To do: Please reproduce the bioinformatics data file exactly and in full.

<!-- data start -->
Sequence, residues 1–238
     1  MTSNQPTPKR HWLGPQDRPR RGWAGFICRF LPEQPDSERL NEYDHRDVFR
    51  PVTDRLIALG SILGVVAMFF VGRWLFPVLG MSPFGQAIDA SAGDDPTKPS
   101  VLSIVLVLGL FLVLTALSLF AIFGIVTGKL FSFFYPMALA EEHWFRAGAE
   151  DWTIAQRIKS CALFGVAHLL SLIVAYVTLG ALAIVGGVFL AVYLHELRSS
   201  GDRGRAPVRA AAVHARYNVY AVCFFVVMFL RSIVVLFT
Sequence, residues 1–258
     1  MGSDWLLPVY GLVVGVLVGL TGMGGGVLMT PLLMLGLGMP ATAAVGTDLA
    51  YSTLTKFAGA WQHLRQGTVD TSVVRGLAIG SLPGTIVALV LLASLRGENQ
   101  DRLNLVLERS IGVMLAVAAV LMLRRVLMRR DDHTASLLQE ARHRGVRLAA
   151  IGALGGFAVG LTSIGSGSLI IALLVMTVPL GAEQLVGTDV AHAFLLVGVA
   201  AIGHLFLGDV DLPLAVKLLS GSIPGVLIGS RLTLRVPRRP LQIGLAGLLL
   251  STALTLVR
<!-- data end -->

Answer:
Sequence, residues 1–238
     1  MTSNQPTPKR HWLGPQDRPR RGWAGFICRF LPEQPDSERL NEYDHRDVFR
    51  PVTDRLIALG SILGVVAMFF VGRWLFPVLG MSPFGQAIDA SAGDDPTKPS
   101  VLSIVLVLGL FLVLTALSLF AIFGIVTGKL FSFFYPMALA EEHWFRAGAE
   151  DWTIAQRIKS CALFGVAHLL SLIVAYVTLG ALAIVGGVFL AVYLHELRSS
   201  GDRGRAPVRA AAVHARYNVY AVCFFVVMFL RSIVVLFT
Sequence, residues 1–258
     1  MGSDWLLPVY GLVVGVLVGL TGMGGGVLMT PLLMLGLGMP ATAAVGTDLA
    51  YSTLTKFAGA WQHLRQGTVD TSVVRGLAIG SLPGTIVALV LLASLRGENQ
   101  DRLNLVLERS IGVMLAVAAV LMLRRVLMRR DDHTASLLQE ARHRGVRLAA
   151  IGALGGFAVG LTSIGSGSLI IALLVMTVPL GAEQLVGTDV AHAFLLVGVA
   201  AIGHLFLGDV DLPLAVKLLS GSIPGVLIGS RLTLRVPRRP LQIGLAGLLL
   251  STALTLVR